Screw Beauty Standards.

 

The last month or two there have been 2 shows that I admit I watched, and then I feel bad for all girls in the next generation. A generation who is growing up thinking the less clothes the more sexy you are.

The standards of beauty are constantly changing. And girls need to know that they don’t need to fit them. As a tiny example – I was getting my eyebrows threaded, and was saying how I wish I had thicker eyebrows (if you haven’t noticed those are in right now) and she giggled, and said “A few years ago thin eyebrows were in, so it will change back. You have beautiful eyebrows.” As women, can we always tell each other these things?

It is true though. If one day media decides that beauty is defined by being curvy, then I will never fit that standard. And I am learning it is OK. If I am 25 and struggling with how I should look, how scary is that for the 12 year old girls today. But for all the girls who watch other women walk around in lingerie as the standard for beauty they will always be disappointed.

My full time job consists of booking journal entries – not being in a gym to get ready for the world to watch me on a runway. I also love mac and cheese way too much….

One of the shows I unfortunately watched was the Victoria Secret Angel Show. The “Pink” line at Victoria’s Secret is meant for teens. Yet, in the VS Fashion show, girls who are older than that age group are half naked modeling this clothing. What message are you sending Victoria Secret?

Last year someone wrote a blog post that was brilliant. In it they said this:

“If anyone is really worried about the self-esteem of tomorrow’s youth, perhaps we should be teaching them instead that comparison is the thief of joy. Maybe we should tell them that whether they’re built to look like Miranda Kerr or Adele, that they are beautiful and have value as a woman. Instead of teaching our daughters and nieces real women have curves and that ‘those women’ are sickly and abnormal, let’s teach them that it’s never okay to question someone’s identity as a woman because they weigh ten pounds less than the average woman.”

To be honest, I am mainly writing this for myself, because watching Miss Universe and the VS Fashion Show made me analyze things they had, and I didn’t.

I don’t really know what the answer is, because the media will always be there to tell us what the standards of beauty are. But constantly having the conversation that we can, and should break these standards is powerful.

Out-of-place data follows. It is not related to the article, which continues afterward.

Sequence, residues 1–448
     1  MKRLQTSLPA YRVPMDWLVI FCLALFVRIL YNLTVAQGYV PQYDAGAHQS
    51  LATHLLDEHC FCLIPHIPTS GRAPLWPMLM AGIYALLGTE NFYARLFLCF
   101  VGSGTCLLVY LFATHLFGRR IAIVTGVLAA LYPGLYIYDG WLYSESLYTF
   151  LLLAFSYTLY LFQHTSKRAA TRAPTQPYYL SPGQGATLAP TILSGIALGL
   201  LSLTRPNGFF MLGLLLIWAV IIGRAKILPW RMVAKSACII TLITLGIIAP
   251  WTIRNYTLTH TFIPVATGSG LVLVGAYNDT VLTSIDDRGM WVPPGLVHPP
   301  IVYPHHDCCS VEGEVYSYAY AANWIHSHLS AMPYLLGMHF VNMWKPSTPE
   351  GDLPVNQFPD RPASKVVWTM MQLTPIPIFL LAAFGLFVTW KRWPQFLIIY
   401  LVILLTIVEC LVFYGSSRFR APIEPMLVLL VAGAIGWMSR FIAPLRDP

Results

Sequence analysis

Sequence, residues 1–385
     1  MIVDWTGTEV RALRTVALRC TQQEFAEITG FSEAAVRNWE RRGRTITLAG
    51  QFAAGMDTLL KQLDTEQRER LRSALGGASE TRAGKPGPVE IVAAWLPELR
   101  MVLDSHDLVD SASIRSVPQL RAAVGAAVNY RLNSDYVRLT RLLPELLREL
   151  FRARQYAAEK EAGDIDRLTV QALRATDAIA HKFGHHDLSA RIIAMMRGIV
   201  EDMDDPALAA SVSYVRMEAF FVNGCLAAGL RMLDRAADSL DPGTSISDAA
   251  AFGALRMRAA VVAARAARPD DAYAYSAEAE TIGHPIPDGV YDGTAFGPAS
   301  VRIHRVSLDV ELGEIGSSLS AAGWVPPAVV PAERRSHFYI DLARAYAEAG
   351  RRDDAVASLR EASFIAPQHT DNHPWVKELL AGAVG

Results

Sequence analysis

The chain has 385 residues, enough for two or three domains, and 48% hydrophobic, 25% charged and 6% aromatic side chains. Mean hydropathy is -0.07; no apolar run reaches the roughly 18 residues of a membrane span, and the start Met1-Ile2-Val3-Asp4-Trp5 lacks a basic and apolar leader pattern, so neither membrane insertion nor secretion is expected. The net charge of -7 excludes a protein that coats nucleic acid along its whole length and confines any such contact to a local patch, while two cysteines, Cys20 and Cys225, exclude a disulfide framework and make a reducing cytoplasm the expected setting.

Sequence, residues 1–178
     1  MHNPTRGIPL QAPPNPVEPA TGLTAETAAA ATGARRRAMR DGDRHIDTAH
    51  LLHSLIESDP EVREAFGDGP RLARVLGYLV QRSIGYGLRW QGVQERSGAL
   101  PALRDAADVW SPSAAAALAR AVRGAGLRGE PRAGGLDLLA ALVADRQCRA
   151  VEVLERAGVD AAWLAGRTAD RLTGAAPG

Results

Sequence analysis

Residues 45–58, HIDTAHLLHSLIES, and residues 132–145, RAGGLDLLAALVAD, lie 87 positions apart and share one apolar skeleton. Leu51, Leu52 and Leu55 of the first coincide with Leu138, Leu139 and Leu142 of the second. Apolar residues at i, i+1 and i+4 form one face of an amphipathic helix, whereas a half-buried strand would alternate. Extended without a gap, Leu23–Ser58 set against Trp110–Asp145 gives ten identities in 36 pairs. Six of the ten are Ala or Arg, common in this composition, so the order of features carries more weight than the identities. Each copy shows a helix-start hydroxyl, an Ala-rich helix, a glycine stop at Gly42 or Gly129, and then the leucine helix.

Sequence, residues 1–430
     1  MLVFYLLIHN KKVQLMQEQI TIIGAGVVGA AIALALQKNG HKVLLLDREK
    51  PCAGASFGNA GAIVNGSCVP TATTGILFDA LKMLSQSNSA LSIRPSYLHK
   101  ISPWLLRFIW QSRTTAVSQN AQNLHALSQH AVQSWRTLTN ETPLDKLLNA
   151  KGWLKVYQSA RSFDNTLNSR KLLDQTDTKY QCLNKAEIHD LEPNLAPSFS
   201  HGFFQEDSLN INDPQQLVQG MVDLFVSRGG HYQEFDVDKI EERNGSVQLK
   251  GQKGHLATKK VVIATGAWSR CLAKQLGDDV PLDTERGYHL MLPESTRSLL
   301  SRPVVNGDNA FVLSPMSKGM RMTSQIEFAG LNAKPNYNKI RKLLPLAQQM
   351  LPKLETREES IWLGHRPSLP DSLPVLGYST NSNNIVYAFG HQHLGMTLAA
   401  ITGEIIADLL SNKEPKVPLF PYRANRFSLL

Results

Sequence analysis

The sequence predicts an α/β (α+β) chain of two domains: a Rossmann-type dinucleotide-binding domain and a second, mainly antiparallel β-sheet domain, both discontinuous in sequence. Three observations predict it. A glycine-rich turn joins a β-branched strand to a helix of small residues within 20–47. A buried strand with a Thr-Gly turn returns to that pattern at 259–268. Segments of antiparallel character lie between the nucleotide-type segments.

Here’s the thing. Screw standards. No, seriously when can we actually do this? I am so tired of the same topic that “all women come in different shapes and sizes” yet as women we tear each other down, and create an environment where social media dictates how we feel about ourselves when we post a picture of our self.

You are a warrior. You are enough. You don’t need to take your clothes off to be valued. As a fellow woman, you need to hear that.When a women leader is on TV do we really need to evaluate her look or what she is wearing? Can we simply focus on what she brings to the table not what she looks like? Can we not call girls whores, sluts, and crazy? This is not that hard.

I had the privilege of working with Girls on the Run this year. I was able to teach them how strong they were. How gossip and bullying tear other girls down. We were able to share how we need to improve the 5 parts of our “girl wheel” (heart, social, body, brain, and spirit). We talked about, where they felt the strongest that week – Did they do good on a test and feel strong in the brain? Did they make new friends and feel great in the social part?

Girls half my age were telling me how silly it was to compare yourself to a girl on the cover of a magazine because they are airbrushed and how beautiful I was. Let me tell you, that was a breathe of fresh air. I want those girls to be the next leaders of our nation.

Don’t rely on other people to validate you. A boyfriend, friend, even family. They can tell you that you are beautiful over and over again but if you cling to your insecurities it won’t change a thing. Even me telling you how much worth you have will not change anything. But you are. There is a God who created you, and is so in love with you.

“I hope you know you’re capable and brave and significant. Even when it feels like you’re not.”

Let’s be warriors for the next generation of women. Let’s teach them that comparison IS the thief of joy.

Love always,

Katherine

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